Other hybrid cars have electric motors that can operate simultaneously with an internal combustion engine or set-ups that can alternate between the two. Many car manufacturers have pledged to move their model ranges over to increased levels of electrification and it’s likely that within a few years, the majority of cars on sale will be pure-electric or hybrids of some kind.
A full hybrid or ‘parallel hybrid’ uses both the combustion engine and electric motors to drive the car, either simultaneously or independently.
The most common type of hybrid vehicle, full hybrids can typically hold small amounts of electric charge. This can be used to provide extra power which is employed in conjunction with a combustion engine, thus improving its fuel economy.
As the electric motors are built into the drivetrain, a full hybrid can also switch to run in electric-only mode, although usually just at low speeds for driving around town and for very limited distances as the batteries are relatively small. However, the small size of the batteries does mean they can be charged to full capacity quickly by the engine, and there’s never any question of range anxiety.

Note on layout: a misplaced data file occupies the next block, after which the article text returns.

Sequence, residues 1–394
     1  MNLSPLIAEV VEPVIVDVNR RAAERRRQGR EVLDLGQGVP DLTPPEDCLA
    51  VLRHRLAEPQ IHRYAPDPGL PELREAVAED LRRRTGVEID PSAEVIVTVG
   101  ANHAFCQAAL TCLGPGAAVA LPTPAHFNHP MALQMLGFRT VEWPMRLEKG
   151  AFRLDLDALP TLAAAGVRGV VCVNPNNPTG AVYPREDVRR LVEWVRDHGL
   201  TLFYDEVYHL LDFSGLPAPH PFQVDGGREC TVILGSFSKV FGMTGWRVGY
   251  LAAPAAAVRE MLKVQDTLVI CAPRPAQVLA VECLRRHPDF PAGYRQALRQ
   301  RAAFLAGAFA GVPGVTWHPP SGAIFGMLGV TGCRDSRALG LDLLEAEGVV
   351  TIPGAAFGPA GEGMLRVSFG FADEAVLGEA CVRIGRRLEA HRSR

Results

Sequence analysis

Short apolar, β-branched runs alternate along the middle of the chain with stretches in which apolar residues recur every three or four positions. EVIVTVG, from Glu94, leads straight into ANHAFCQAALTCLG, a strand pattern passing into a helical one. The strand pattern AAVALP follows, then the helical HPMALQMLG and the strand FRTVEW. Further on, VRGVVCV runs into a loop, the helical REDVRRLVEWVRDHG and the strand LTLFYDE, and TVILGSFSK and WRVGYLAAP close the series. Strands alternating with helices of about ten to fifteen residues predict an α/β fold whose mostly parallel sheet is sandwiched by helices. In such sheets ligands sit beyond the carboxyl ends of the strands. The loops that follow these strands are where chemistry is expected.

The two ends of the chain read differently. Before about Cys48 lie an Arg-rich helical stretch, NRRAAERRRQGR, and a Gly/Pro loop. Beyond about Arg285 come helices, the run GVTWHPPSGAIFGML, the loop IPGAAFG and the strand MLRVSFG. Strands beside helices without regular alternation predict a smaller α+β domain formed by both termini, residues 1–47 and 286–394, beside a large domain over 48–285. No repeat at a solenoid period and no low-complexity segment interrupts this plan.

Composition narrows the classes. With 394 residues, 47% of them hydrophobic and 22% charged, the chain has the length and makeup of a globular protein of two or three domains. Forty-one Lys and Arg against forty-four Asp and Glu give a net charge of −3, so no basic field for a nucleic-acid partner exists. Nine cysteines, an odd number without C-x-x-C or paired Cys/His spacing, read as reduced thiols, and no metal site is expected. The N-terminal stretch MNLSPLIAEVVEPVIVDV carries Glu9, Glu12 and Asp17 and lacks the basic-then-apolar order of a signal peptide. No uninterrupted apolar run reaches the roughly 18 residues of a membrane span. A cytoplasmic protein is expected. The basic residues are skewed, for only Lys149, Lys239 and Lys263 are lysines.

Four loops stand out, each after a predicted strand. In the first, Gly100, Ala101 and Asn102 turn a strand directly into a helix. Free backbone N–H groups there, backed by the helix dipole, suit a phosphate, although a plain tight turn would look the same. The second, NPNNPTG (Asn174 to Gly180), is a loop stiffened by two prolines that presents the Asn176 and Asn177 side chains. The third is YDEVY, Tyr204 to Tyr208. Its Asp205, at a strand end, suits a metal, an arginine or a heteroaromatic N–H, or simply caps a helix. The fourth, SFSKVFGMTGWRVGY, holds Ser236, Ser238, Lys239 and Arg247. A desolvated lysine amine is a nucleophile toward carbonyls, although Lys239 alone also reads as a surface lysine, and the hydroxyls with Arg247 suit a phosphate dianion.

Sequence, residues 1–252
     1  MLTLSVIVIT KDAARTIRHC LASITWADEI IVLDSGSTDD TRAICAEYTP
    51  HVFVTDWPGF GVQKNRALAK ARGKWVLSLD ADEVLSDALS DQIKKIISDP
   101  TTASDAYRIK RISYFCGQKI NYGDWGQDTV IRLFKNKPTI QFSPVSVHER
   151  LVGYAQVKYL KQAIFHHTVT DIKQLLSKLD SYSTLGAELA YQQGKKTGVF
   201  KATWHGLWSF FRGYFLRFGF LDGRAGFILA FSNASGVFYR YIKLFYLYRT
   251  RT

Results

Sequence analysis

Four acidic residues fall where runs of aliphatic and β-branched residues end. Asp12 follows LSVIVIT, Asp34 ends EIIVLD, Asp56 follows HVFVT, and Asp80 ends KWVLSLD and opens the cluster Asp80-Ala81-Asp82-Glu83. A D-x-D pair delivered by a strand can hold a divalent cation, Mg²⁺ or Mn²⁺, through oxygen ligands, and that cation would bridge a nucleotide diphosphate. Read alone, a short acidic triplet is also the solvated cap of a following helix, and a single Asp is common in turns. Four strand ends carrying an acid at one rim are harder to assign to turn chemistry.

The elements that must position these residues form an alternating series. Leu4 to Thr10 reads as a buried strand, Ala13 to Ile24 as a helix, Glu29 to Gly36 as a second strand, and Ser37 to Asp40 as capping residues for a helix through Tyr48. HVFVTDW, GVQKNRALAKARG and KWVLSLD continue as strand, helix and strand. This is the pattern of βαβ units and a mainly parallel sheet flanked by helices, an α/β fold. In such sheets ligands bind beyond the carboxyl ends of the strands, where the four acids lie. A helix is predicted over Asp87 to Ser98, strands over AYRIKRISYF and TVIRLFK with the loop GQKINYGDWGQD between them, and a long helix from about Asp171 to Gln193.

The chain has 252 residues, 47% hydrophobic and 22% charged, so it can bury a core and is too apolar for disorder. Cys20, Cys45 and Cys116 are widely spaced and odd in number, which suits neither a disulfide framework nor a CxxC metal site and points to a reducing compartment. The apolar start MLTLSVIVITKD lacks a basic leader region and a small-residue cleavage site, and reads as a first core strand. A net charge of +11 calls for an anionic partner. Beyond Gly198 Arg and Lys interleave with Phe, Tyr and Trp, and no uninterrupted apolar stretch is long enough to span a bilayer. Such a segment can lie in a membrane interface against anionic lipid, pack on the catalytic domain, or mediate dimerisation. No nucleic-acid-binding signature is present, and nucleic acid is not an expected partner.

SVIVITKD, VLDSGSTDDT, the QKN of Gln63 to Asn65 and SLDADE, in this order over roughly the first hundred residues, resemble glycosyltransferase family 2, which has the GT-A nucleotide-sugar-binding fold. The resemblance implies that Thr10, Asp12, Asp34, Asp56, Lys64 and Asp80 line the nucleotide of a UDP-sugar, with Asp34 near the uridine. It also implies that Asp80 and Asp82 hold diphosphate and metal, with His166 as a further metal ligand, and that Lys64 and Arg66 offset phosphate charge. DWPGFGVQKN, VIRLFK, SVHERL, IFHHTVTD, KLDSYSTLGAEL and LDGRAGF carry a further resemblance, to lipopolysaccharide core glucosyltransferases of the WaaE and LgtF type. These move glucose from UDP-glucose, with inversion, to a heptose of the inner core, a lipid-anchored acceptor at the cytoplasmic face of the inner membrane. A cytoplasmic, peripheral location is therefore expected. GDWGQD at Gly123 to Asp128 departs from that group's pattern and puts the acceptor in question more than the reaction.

Even if the batteries are completely flat, you can always drive on petrol – or diesel – alone. Along with mild hybrids, the parallel hybrid system is generally considered the best hybrid option for drivers who rack up lots of miles.